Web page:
It Doesn't Take Magic to Be Able to Be Able to Comprehend,
                It Just Takes Summarization Know How!
Renee McInnish
Reading to Learn

Rationale: The main goal of reading is for the reader to comprehend what they have read.  It is not enough that the person can read the text, but the person must also be able to understand what the author is implying in the text.

Materials:  Bennet, William J.  The Children’s Book of Heroes  Hague, Michael.  New York: Simon & Schuster, 1997. 29-35 & 86-90 for all students and teacher.  Pen and paper for all students.

1. Review silent reading.  Remind students why it is important to read silently.  When we read silently we are able to read more words than when we read aloud, because we are able to read faster.  What does it mean to read silently?  Yes, it means to read each word without making any sound.  Another reason that we read silently is so that we don’t disturb others who are around us.  Watch as I read this paragraph.  Did anyone hear me say anything?  No?  Good.  Also, I was able to read that paragraph faster silently than if I had read it aloud to you, because when I am reading to you I want to make sure that I read slow enough that you can understand me and my words don’t sound all ran together.  Listen when I read this paragraph aloud as fast as I can read.  Read paragraph aloud as fast as you can.  Was it hard to follow along?  Yes, it is hard to enjoy listening to someone read to fast.  Now let me read it at a normal reading aloud speed.  Read paragraph again at a normal read aloud speed.  Was that more enjoyable?  Did you get more from it?  Yes, but notice that when I read aloud accurately, I’m not reading as fast as I can.  Also, I’m still a little slower than I would be if I were reading silently, because I still have to make the effort to say each word aloud.  Also, if I was reading aloud while you were trying to read something aloud and while everyone else in the room was trying to read aloud, don’t you think it would be very hard to concentrate?  Yes, I know it would be very disrupting to me.

2. Well today we are going to practice reading silently, but we are going to also learn how to better comprehend the materials that we are reading to ourselves.  Our main goal when we read is to understand what we have read and to get the most out of the material we have read.  Today I’m going to teach you how to get the most out of the text you read.

3. Read to the class the story “Jackie Robinson” in The Children’s Book of Heroes.  After finishing the story model for the students how to summarize the story.  Tell them that we are going to write the key points of the story. Have all students turn to page 29 in their books so that they can follow along with you.  Tell them that we are going to look at a paragraph at a time and decide on what the main thing that the author is trying to tell us in that paragraph.  Then write the decided main idea on the board.  When finished analyzing every paragraph with the students.  Go back over the main ideas with them and delete any redundant or non-important ideas.  Make a final summarization list.  The final summarization should look similar to the one below.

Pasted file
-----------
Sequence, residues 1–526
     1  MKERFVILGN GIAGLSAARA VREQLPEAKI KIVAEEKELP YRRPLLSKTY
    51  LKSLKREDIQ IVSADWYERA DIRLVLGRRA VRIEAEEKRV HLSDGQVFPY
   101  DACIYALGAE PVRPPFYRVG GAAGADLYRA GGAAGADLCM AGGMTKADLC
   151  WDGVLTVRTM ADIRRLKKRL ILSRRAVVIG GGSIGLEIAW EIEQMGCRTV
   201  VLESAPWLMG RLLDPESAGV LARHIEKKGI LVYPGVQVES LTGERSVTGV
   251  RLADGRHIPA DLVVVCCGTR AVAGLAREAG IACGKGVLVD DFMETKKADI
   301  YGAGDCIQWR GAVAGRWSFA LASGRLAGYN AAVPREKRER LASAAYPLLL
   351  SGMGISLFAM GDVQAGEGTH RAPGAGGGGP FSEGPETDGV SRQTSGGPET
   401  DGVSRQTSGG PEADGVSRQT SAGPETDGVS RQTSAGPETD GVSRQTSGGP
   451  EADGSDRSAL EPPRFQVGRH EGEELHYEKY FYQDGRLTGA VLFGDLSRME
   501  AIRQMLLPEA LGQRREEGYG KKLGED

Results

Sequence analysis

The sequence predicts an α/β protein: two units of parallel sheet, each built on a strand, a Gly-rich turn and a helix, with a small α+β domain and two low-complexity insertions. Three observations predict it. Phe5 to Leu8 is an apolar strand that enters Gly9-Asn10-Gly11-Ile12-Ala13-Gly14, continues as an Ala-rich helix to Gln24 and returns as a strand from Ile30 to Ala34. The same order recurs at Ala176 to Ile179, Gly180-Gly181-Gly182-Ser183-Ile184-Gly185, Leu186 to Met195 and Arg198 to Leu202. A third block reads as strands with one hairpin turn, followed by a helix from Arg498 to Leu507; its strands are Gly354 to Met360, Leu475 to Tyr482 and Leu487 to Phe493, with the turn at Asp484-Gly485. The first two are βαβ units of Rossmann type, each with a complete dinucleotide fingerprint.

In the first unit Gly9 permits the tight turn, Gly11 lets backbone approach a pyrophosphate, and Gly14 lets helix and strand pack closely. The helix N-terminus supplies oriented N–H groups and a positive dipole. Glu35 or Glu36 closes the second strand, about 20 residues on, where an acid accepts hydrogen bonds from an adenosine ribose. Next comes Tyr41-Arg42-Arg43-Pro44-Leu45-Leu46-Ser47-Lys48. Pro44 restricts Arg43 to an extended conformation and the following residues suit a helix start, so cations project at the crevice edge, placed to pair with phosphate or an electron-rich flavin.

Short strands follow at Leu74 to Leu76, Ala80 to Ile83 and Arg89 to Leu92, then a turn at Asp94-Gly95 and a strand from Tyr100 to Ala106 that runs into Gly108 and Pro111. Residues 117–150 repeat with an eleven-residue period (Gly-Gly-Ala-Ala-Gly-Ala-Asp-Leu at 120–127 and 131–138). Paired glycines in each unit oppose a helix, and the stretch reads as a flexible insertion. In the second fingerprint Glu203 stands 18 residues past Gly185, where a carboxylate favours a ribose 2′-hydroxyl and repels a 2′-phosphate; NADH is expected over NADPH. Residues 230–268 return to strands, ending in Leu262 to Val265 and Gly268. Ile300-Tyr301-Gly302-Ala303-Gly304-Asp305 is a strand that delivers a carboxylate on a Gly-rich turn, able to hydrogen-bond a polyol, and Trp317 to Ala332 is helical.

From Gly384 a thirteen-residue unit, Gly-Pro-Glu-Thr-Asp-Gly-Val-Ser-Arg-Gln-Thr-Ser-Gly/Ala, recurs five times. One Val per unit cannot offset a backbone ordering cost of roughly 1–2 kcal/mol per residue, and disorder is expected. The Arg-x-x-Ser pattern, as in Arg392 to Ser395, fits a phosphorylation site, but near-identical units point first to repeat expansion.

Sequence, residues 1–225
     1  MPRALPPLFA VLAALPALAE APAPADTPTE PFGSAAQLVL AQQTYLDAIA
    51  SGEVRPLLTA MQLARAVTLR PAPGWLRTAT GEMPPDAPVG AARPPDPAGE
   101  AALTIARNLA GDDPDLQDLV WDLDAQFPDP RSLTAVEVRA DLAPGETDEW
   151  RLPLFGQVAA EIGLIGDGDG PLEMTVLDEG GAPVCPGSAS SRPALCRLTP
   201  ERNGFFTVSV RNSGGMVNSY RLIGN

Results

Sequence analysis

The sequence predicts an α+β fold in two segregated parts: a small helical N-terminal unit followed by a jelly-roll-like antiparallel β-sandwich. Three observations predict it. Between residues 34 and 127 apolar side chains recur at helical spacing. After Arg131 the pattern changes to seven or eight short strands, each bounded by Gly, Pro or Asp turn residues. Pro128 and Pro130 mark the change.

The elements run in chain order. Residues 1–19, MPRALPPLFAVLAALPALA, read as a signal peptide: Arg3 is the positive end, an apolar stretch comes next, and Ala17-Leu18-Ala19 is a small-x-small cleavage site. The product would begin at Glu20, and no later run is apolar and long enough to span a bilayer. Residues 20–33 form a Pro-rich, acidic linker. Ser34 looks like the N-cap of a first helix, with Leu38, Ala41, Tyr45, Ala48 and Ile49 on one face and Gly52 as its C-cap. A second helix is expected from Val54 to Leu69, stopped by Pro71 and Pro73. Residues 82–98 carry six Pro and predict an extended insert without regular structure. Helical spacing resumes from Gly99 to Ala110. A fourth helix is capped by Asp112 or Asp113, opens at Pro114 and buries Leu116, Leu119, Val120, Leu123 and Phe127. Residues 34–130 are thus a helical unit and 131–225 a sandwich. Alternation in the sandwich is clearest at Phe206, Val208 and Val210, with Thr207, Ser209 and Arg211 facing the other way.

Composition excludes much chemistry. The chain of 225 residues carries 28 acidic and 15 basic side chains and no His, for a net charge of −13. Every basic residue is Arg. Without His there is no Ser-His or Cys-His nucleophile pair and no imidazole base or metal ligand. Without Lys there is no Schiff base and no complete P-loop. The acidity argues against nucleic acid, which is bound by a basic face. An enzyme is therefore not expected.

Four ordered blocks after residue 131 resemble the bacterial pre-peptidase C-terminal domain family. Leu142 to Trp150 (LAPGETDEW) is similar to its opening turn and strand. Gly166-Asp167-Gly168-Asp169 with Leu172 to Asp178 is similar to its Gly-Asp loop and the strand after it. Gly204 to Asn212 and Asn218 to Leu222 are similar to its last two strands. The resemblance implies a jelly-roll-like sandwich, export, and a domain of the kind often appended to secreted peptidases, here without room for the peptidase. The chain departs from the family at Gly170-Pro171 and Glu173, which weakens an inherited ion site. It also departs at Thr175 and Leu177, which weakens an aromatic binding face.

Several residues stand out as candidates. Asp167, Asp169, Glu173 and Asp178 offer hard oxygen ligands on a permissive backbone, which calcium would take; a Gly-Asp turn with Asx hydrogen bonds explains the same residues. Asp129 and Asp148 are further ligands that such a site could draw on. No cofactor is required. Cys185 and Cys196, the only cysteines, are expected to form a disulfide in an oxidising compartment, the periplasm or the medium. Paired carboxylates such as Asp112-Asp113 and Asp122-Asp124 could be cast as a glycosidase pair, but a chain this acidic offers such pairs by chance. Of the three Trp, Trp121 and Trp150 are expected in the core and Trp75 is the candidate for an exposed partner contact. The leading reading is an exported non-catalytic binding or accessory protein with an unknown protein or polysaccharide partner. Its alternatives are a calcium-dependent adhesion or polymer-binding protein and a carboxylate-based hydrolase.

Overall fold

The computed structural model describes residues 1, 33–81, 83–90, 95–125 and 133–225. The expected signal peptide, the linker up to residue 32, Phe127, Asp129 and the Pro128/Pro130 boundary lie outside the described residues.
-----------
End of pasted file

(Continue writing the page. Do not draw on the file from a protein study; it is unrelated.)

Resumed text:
“Jackie Robinson” summarized:
· Loved to play baseball.
· Year was 1945 and because he was African-American he was not allowed to play for the major leagues.   He had to play on the Negro League instead.
· The man who ran the Dodgers, a major league baseball team, asked Jackie to play for him.
· He informed Jackie that he would be made fun of a lot and treated badly because of his color, but that Jackie could never get mad back.  If he did it would just make matters worse.
· People soon realized that the color of someone’s skin did not affect their playing ability.
· Jackie won Rookie of the Year his first year playing major league baseball.

4. Pass out The Children’s Book of Heroes to your students.  Class, I want you to turn to page 86 and read “Helen Keller’s Teacher” silently to yourself.  You need to read page 86 to page 90.

5. When the students have had enough time to read the story quietly, have them take out their pencils and paper.  Students, I now want you to summarize “Helen Keller’s Teacher” the same way that we summarized “Jackie Robinson.”  I want you to go back and look at each paragraph and decide on the main thing that you believe the author is trying to tell you.  When finished doing this for every paragraph, go back and delete any redundant or non-important information.  Decide on the main points that you think the author is trying to convey and make a final list of your summary sentences.

6. When the students are finished, discuss the summaries together, writing the summary sentences on the board for the entire class to see.  Allowing the students to see the summary sentences on the board will help them feel more confident about what they wrote and may clarify more how to correctly summarize.  You will need to work on this strategy continuously in order that the students grasp it and understand how to use it.  When students understand how to effectively summarize, their comprehension of materials read will improve.  Therefore reading test scores will improve as well.

7. Have the students turn in their papers so you can check their summarization list.

Pressley, Michael; Johnson, Carla; Symons, Sonya; McGoldrick, Jacqueline A. & Kurita, Janice A. (1999).  “Strategies That Improve Children’s Memory and Comprehension of Text,” The Elementary School Journal, 90, pp. 2-31.

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